Tuesday, August 25, 2009

Wait and see for 3D

While digital 3D technology is gaining popularity with local cinema audiences, further applications will only materialise once demand grows. This is according to Mike Buckland, technical producer at local animation studio, Triggerfish. by Lezette Engelbrecht
“It's very early days for the 3D industry in general,” says Buckland, adding that demand will only pick up once people become aware of 3D again. “It's a technology that raises its head every so often and then goes again.”

Films were initially offered in 3D in the 1950s, but some viewers found the experience uncomfortable, as processing the 3D images could cause headaches, eye strain and nausea.

In a recent report on 3D technology, Stephen Prentice, VP and fellow at Gartner, explains that modern equivalents of the cardboard red and green 3D glasses use high-speed LCD shutters or polarised light to send different images to each eye. Each image appears from a different perspective, creating the stereoscopic vision the brain translates into a 3D effect.

According to Vidya S Nath, senior analyst for digital media at Frost & Sullivan, modern 3D technology breaks several barriers to true virtual reality and recreates an almost “live on-site experience”. “For instance, in an ideal situation, a viewer watching a football game will get transported to the actual field and watch the ball being kicked around him,” she explains.

Learning curve

Mark Harris, Nu Metro content and marketing executive, says film studios are committing billions to the production of 3D films worldwide. “At this stage, there are no fewer than thirty 3D movies scheduled for release over the next three years. The new generation of digital 3D has been hailed as the most vital and exciting development in cinema since the advent of colour film.”

Both DreamWorks and Pixar have stated that all future animation releases will be in 3D, with films such as Toy Story 3, Rapunzel, A Christmas Carol, and James Cameron's sci-fi fantasy, Avatar, set for 3D release.

Ster-Kinekor acquisitions and scheduling executive, Paul Burton, says the company has seen between four and 13 times uplift with a 3D film, compared to a 2D version. There are currently five Ster-Kinekor 3D-equipped theatres, in centres in Johannesburg, Pretoria, Durban and Cape Town, with plans for additional screens, adds Burton.

According to Harris, digital conversion worldwide has generally been slow-moving in the cinema industry for the past few years due to costs. “However, 3D has recently become a catalyst for exhibitors to convert to this new technology. As with all new technology, there is always a price tag.”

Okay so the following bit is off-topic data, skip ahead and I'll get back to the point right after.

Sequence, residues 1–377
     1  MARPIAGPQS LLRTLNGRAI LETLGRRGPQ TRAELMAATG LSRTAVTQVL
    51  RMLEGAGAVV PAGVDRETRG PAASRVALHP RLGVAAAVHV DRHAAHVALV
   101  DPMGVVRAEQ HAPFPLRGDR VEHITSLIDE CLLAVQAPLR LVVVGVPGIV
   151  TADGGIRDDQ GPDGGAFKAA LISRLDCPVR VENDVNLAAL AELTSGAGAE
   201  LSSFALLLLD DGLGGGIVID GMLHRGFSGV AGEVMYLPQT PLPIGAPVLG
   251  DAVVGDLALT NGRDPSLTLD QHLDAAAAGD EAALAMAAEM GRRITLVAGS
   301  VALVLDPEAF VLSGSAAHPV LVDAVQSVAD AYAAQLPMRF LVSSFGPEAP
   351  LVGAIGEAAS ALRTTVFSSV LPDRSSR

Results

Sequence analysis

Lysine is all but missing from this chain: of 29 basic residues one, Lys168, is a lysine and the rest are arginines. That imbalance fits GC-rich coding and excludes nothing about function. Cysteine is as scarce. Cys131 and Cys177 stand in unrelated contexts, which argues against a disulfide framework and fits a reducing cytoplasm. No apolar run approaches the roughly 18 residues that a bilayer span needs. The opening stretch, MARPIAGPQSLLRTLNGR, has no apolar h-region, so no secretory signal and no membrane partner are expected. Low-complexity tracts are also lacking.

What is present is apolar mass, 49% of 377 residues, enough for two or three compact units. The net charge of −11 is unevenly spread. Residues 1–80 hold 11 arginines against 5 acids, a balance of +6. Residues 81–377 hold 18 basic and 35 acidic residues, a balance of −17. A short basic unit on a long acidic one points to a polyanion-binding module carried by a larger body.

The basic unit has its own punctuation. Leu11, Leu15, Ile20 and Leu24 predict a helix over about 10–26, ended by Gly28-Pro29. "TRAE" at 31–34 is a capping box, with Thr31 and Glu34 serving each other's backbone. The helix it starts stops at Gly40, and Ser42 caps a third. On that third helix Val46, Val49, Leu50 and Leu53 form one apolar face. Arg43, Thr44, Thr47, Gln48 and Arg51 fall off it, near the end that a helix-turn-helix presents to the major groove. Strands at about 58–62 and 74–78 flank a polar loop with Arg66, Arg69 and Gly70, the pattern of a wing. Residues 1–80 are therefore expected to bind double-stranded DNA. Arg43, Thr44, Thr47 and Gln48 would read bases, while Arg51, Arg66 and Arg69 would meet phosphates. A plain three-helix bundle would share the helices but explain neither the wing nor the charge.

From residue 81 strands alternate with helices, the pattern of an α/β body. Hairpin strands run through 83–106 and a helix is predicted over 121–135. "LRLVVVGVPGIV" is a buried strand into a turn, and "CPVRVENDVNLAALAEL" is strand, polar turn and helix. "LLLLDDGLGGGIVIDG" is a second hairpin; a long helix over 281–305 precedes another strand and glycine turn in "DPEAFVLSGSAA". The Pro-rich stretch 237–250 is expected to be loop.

Harris adds there are already advances in SA, with Nu Metro planning to add more 3D screens. “By the end of the year, Nu Metro would have installed a further five 3D screens at two new cinema complexes, taking the 3D screen count to 14 screens over nine complexes,” he says. The two new cinema complexes will be located at Emperors Palace in Johannesburg and Galleria in Durban.

Reel to real

According to Nath, the move to 3D is still in early stages, with complex technical and production requirements providing a challenge. “There are a limited number of cameras, especially digital 3D cameras, for producing content. Large screen projects require specialised editing, and products for the same are not evolved optimally. Secondly, technical expertise to handle equipment for 3D production is limited.”

Buckland says the biggest consideration in using 3D is that there is double the amount of data. “This has a considerable impact on storage and processing power as you need twice as many machines to render frames and store data.”

He adds that the challenge is financial rather than technical. “There are stereographic experts who can advise us and initial tests indicate it is definitely achievable technically. It just means that one has to be more careful with cutting corners – everything has to be that much more precise.”

Besides the financial implications of double the rendering, there are also cinematographic elements to consider, according to Buckland. These include the framing of shots and editing between different depths of field. “Filmmakers are still learning the best way to present images and push the boundaries.”

Tracey-Lee Troskie, from 3D animation and graphics company, DXF Extreme Effects, says local studios aren't behind in terms of getting hardware or commercial software used for high-end 3D. “Where we do lack is the knowledge to apply all of these tools and the big problem comes in getting sufficient funds for huge projects. Overseas, they have a lot of R&D teams to develop new tools and push boundaries. This is where we lack.”

But Buckland says the tools are evolving. “As more studios produce in 3D, we'll develop better workflows, improve the way of doing things and it will become easier. It's uncharted territory, so there are lots of new techniques for storytelling and we're still figuring out how to give the audience a better experience.”

While 3D offers more immersive viewing, Buckland stresses that it doesn't necessarily offer value for every film. “Personally, I think 3D is a tool for telling a story. In some films it really serves the story, but it's not for every movie.”

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